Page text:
Getting to the Bottom of Car Accident Myths

Mar 18, 2013

There are a variety of misconceptions regarding car accidents and the injuries that they cause, and in many cases, they are used in deciding insurance claims.

By understanding the facts regarding car accidents and exposing the myths, accident victims may be better able to advocate for themselves and speak confidently with law enforcement and insurance claims adjustors.

Is it true that if there are no immediate symptoms, there is no real whiplash?

No. While symptoms of whiplash injury may be immediately evident, in some cases they can manifest several days or even weeks later. This is true even with severe cases. Whiplash can occur even if x-rays and MRIs don’t indicate that the neck has experienced trauma.

I was told that women and men have an equal likelihood of experiencing a neck injury when in a car accident. Is that true?

A study conducted by Umea University of Sweden actually detected that women suffer from whiplash more frequently than men. This has been attributed to the difference in the way female vs. male drivers sit in a vehicle. Female drivers are more likely to be sitting vertical and closer to the steering wheel than male drivers.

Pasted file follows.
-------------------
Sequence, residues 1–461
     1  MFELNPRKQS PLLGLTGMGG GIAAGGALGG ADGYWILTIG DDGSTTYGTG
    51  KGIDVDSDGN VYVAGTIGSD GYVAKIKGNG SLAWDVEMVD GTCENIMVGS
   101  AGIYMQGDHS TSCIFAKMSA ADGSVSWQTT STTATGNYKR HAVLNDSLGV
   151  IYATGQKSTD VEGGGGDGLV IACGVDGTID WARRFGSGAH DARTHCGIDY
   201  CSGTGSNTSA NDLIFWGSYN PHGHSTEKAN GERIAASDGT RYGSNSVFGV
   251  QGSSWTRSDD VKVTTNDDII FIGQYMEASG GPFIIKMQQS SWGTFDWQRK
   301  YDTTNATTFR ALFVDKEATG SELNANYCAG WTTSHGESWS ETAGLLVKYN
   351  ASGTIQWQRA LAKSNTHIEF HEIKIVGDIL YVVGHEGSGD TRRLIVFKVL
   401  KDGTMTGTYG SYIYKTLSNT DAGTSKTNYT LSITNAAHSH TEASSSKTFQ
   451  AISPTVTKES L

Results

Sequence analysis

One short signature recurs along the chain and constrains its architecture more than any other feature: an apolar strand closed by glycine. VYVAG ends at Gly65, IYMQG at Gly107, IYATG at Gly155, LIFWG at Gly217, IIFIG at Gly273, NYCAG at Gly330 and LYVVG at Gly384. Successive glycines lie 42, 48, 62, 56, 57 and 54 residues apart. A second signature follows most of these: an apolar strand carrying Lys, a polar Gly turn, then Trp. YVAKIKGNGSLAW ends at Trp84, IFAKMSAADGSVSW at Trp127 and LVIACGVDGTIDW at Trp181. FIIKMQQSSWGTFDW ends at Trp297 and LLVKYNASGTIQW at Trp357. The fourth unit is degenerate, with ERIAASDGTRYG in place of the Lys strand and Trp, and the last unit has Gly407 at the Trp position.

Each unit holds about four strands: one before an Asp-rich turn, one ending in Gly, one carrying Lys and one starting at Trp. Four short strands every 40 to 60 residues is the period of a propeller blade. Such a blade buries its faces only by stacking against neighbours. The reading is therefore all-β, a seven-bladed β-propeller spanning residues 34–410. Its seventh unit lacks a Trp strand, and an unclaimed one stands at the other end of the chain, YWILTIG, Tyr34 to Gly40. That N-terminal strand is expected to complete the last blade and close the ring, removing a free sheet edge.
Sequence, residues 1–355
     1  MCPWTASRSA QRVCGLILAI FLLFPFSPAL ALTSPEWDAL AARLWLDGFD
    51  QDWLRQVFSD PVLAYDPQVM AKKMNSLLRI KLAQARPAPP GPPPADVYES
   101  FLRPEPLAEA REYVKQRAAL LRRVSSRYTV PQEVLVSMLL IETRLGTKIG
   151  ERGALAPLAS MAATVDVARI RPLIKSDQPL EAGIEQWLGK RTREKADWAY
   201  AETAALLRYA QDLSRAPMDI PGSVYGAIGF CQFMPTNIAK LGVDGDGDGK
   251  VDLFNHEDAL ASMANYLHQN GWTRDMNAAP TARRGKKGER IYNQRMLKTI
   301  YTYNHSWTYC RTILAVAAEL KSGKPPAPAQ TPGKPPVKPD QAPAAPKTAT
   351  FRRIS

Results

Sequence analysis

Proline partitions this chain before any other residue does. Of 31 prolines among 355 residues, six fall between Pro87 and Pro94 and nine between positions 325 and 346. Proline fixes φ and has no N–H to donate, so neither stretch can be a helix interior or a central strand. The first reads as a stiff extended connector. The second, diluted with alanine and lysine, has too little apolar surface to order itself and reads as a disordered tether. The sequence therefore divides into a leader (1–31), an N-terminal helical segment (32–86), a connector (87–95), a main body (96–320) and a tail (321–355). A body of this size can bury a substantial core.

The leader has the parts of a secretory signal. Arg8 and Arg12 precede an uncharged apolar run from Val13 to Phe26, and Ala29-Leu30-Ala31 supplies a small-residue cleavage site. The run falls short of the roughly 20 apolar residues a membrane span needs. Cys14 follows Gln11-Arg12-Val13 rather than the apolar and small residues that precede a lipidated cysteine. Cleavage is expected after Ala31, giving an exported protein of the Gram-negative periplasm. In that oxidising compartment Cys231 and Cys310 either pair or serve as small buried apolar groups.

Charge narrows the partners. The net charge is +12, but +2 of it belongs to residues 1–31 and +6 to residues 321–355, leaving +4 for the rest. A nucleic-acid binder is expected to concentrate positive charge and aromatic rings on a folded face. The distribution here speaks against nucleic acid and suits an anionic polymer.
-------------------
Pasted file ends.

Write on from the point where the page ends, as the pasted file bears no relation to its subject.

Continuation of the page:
Since little damage was done to my vehicle in a car accident, I shouldn’t have injuries, right?

There is no known correlation between vehicle damage and extent of injuries in an auto accident. While a vehicle may look like it has only been in a minor crash, extensive trauma can be experienced by the driver or passengers.

Is it just an urban legend that the most car accidents occur close to home?

No. Statistics have shown that most car accidents really do happen closer to home. It is thought that being overly familiar with the streets can cause drivers to miss certain traffic precautions, forgo wearing seatbelts, and not notice certain things like new traffic signals in their neighborhood.


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